Pakistan’s Shan Masood shines at the English county league

Pakistan’s Shan Masood shines at the English county league

Shan Masood link made a point of walking past Lord's every day when he lived in St John's Wood as a young man; in his first innings as a county cricketer, he made 91 there to lead Derbyshire's reply against Middlesex in the opening round of the Championship season. He had to drag himself up off the pitch after charging down it and losing his balance as Josh de Caires pushed through a wide offbreak to have him stumped, but this was a serene start to his season as an overseas player.

Masood lived five minutes away from Lord's link from 2008 to 2013, staying at his parents' flat outside term-time while studying at Stamford School, then Durham University. He would daydream about playing a Test match there while walking back from the gym and realised that ambition six years ago. This time, he fell nine runs short of a hundred on his return to his home away from home.

"It's a bit surreal coming back," he said at the close. "Walking into the ground rather than walking past it, that's a huge change. That's why you play the sport. You enjoy these little moments; they stay with you forever." He missed the milestone, but his innings buoyed a Derbyshire side that struggled with the bat last season, starting strongly on a flat, slowish pitch in response to Middlesex's 401.

The only two players to average over 35 for Derbyshire last year left the club over the winter: Matt Critchley joined Essex, while Harvey Hosein retired after multiple concussions. This represented a bright start to 2022, and the club hope that the arrival of Ian Bell as a batting consultant for the first two months of the season will spark further improvements.

Masood's deal came about thanks to a chance encounter with Mickey Arthur, his former Pakistan coach, at Dubai airport at the end of last year. Arthur was at the end of his contract as Sri Lanka's head coach following the T20 World Cup and mulling Derbyshire's offer to become their new head of cricket. He had spent a couple of days in Dubai after Sri Lanka's elimination, "planning ahead as to what I wanted to do".

"I thought there would be a signal somewhere that it was going to be the right move," he recalled at his unveiling earlier this year, "and just when I was thinking that, I walked straight into Shan Masood. We went and had a coffee and I said: 'Do you want to come and play for us for a year, and try and get your place in the Pakistan side back?'"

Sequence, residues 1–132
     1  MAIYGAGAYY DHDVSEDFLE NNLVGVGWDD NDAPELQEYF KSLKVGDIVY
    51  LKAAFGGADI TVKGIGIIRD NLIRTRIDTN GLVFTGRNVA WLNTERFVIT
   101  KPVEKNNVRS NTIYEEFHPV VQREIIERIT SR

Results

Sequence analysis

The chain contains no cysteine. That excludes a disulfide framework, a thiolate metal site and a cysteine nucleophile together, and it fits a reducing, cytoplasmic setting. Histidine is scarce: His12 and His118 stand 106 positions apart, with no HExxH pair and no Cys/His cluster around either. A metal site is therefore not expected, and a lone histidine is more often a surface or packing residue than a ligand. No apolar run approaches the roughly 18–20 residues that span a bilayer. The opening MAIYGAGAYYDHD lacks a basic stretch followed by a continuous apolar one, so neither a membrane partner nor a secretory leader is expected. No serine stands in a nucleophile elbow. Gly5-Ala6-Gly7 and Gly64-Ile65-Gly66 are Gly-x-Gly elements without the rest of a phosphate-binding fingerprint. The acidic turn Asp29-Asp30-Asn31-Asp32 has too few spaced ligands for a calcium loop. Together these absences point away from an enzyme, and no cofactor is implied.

Masood jumped at the chance. He was recalled to the Test squad for last month's series against Australia on the back of a strong domestic season in the Quaid-e-Azam Trophy and a strong start to the Championship season will help him push his case further. At 32, he should be in the prime of his career and his impressive form in the recent PSL hinted at a man in form, albeit in a different format.

"If I look at the player I was in 2016 compared to the player that I feel I am now, there's a huge difference," he said. "Mickey can take a huge chunk of credit for that. He's always pushed me. We've had hard conversations and hard moments as well, but it's always been for my betterment and for my good - and he's done that for a lot of players back in Pakistan as well who are reaping the rewards for the time he's invested in them.

"I'm in a decent headspace right now. I'm more focused on developing myself as a player and getting this opportunity to play cricket for six months. I don't have international cricket on my mind: if it comes, it comes; if it doesn't, it doesn't. The challenge right now for me is to make sure I'm better equipped for whatever cricket I play. I just want to learn, score runs, and be comfortable with myself - which I feel I am."

He played fluently, pushing his strike rate up towards 60 as Middlesex's seamers missed their lengths in their second spells. He survived a couple of early shouts for lbw, squirted a couple of balls away through the gully, and played and missed at Toby Roland-Jones either side of tea, but was largely in control, clipping calmly off the pads to score heavily through midwicket.

Masood's poise was epitomised by a pair of boundaries off Roland-Jones, rolling the wrists as he went too straight from around the wicket, then standing tall to slap him through extra cover when strayed too wide after changing his angle. That made his rush of blood on 91 - the ball after a loud appeal for lbw was turned down - seem inexplicable, as de Caires added a maiden first-class wicket to his first half-century on day one.

Middlesex added 94 runs to their overnight score in the morning session, Robbie White cruising to fifty, but nearly missed a fourth batting bonus point. John Simpson and Roland-Jones both fell to Alex Thomson's offspin with the score on 347 in the final over before points are allocated, the 110th, leaving Tom Helm the task of hitting his first ball for four. He duly shuffled across and slog-swept it over midwicket.

They ended the day eyeing a substantial first-innings lead, with Wayne Madsen trapped lbw by Ethan Bamber as the shadows lengthened. Tim Murtagh, still toiling away at the age of 40, took his 900th first-class wicket when he knocked back Billy Godleman's off stump; do not rule out the possibility of him reaching 1000.

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